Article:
Meteorologists’ job seems to be to make us uncomfortable with what we have.
It’s either too hot or too cold. (Or it’s too humid or too rainy or too sunny.)
Are they fomenting revolution or at least unhappiness? Something is wrong whether it is or it isn’t. “It’s going to be not-ideal, but wait a while and it’ll get better.” “It’s a beautiful day, but don’t worry, storm clouds are on the horizon to ruin it.”
They seem happiest when cruising through a terrible storm, a madness of nature that threatens doom.
“Hi, it’s me with the weather to tell you no matter how wonderful life is, eventually something will come along to destroy all you know. Don’t be happy in the present moment, because this will pass and you need to be ready for the pain and the sorrow and the disappointment. Clouds will thicken, sure as the sun rises and sets.”
Take it as it comes, sunny or cloudy, and try not to fret. Something bad is always in the forecast if you look for it, but so is something good.
What’s with all the discouraging words? Home, home with the strange, where the crackpot politicians play, where seldom is heard an encouraging word and the skies are just cloudy all day.
Sow discord, reap the whirlwind. These gardeners have been tilling the soil with seeds of hate, envy, fear and loathing for so long, it’s hard to breathe with all these weeds choking the air.
Fortunately, there is a solution. Stop listening, for one. Much of their power is in the silver tongue of false promises and false prophecies. (”The world as we know it will end unless you give me more power!!!”)
Whatever is good – think on those things. Listen to those who add value to life: the builders, not the petty demolition experts. Turn off the noise …
It’s a busy day, spring/summer finally here, 86 degrees with a chance of thunderstorms in the near future – but for now the sun is shining.
I’m at a picnic table at a park along the water – I snap a photo to illustrate whatever blog post might come of this writing. Oh my, writing! I have so much writing to do. Good thing I love to write, but even the things you love can become a chore when you have set expectations, right? Continue reading “Peace for a moment”
Sometimes morning comes with a splash of creativity, bombs bursting in air with passion’s red glare of urgent joy. Sometimes morning eases tenderly into the sun, softly whispering, “Oh gracious, is it time already?” Sometimes morning is an old dog content to sit at the top of the back stairs, waiting for her human to come out and sit next to her with his arm around her shoulders.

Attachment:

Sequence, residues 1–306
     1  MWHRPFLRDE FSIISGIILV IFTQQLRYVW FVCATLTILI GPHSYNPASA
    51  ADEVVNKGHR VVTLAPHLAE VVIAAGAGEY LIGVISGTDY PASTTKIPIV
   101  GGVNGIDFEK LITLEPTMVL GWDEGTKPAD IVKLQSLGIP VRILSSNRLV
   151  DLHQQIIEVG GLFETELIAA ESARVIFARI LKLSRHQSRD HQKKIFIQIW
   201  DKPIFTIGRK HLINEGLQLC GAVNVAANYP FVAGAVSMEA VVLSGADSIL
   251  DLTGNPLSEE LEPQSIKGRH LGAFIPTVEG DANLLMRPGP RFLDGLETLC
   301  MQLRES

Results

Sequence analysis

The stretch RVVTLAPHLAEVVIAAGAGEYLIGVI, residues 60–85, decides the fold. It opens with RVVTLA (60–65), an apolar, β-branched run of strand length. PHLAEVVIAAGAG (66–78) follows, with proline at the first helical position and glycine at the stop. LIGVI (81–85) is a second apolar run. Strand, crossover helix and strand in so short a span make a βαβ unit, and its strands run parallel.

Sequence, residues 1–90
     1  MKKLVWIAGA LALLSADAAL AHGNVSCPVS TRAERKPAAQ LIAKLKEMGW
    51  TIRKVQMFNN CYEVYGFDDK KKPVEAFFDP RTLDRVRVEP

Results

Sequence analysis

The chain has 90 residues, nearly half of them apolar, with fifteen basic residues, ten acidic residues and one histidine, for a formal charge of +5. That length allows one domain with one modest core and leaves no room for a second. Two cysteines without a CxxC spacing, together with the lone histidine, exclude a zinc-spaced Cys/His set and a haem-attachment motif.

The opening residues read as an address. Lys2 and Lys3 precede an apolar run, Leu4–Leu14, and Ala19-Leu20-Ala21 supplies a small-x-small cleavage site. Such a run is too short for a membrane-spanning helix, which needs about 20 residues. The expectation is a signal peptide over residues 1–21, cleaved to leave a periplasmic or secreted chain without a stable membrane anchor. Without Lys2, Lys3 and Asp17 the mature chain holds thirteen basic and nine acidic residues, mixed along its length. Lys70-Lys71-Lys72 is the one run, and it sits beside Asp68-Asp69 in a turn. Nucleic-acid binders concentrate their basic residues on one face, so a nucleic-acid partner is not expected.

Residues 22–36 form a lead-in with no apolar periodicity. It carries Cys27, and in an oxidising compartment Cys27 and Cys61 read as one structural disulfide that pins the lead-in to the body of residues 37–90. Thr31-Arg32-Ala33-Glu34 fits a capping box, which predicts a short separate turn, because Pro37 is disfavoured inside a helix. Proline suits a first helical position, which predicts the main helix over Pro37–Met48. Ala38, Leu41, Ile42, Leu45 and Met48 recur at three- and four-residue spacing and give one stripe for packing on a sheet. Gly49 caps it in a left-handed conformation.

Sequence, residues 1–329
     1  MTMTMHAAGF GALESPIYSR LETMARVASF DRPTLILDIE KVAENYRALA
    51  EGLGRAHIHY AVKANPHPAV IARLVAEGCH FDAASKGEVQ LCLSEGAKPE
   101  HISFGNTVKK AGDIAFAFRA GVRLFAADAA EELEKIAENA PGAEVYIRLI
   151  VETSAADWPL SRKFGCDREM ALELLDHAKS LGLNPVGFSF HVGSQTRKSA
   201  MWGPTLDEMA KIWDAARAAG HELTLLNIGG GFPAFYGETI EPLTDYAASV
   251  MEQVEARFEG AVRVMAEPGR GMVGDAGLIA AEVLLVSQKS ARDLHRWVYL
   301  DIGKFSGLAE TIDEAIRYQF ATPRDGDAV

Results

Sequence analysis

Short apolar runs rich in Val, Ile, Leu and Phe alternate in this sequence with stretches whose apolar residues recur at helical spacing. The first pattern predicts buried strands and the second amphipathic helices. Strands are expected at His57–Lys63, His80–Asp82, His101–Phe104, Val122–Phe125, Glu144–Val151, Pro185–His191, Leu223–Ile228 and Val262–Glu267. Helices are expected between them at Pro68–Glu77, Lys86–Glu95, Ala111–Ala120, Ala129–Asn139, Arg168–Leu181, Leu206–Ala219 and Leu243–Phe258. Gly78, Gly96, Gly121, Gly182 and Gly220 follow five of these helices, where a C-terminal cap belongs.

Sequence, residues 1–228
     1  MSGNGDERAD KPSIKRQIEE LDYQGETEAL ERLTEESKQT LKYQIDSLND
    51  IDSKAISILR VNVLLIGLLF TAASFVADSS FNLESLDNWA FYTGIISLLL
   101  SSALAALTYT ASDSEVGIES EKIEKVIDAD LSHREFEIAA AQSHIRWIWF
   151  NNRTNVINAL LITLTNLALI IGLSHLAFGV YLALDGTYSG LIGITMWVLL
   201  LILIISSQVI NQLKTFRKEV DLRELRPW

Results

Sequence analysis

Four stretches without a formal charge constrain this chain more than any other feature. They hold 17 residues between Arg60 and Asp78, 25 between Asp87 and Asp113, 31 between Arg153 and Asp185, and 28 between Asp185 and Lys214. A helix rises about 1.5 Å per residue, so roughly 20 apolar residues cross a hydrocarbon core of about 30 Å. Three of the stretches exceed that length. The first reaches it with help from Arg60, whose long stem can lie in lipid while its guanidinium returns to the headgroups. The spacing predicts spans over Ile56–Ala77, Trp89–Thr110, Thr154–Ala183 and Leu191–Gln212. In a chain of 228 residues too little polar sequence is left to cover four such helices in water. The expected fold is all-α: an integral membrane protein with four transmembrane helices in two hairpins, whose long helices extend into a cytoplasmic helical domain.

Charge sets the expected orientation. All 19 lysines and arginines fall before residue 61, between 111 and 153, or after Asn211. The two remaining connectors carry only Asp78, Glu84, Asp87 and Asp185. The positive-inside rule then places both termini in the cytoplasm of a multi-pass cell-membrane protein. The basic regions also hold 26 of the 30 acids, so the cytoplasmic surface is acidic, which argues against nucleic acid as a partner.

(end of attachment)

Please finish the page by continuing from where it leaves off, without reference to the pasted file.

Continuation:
We all find peace in separate ways, but peace seeks us out in the morning. Something about sleep clears the mind, and in the waking hours of dawn, we know what we need and what we must do to get there, even if we can’t put it into words. Continue reading “Ignition: This is The Day”
No one likes the raging and the hatred.
It makes them enraged – they hate it – and the circle rolls on.
The solution is as easy as Love Your Neighbor.
Even if your neighbor is spouting hatred and nonsense? Especially then. The circle will only stop rolling when enough people choose not to participate. Continue reading “Oh, just stop shouting”
The day had come and gone without his notice. He had buried his face in the everyday and could not say whether the sun had shone all day or if snow had dusted the neighborhood. It was as if he had slept all day, but he remembered waking.
Outside, he knew, there was a cold colder than the coldest cold and a land anxious for spring, but he hadn’t glanced out the window, as far as he could remember, so he couldn’t say if the ground was softer or harder or ice-covered or some lingering grass was visible. He thought he may have communicated with the outside world but couldn’t remember the details. Continue reading “A day lost and found”
The thoughts bombarded him like an automatic machine gun spraying the yard like lethal missiles. Overstimulated, he folded into a stupor, unable to think straight enough to take a step one way or another. Sounds, blinking lights, and hundreds of people dashing or walking this way and that.
He knew he had somewhere to go but suddenly had no interest or memory of where that might be, only an overwhelming urge to process the scene in front of him. It was if he had been dropped into a teeming ant hill: Everyone about him knew where they were going and was going straight about their business, but it looked like chaos. He wanted to see the pattern, he wanted to see how it all fit together, the infinite combinations. Continue reading “Lost in the flit”
“The best time to plant a tree was 20 years ago. The second best time is now.” — Chinese proverb
The best time to write a novel was 40 years ago. The second best time is now.
The best time to apologize to your friend was right after it happened. The second best time is now.
The best time to switch careers was when you were X years old. The second best is now.
Fear not that you missed the best time to do anything worthwhile, because the second best time is right here and now.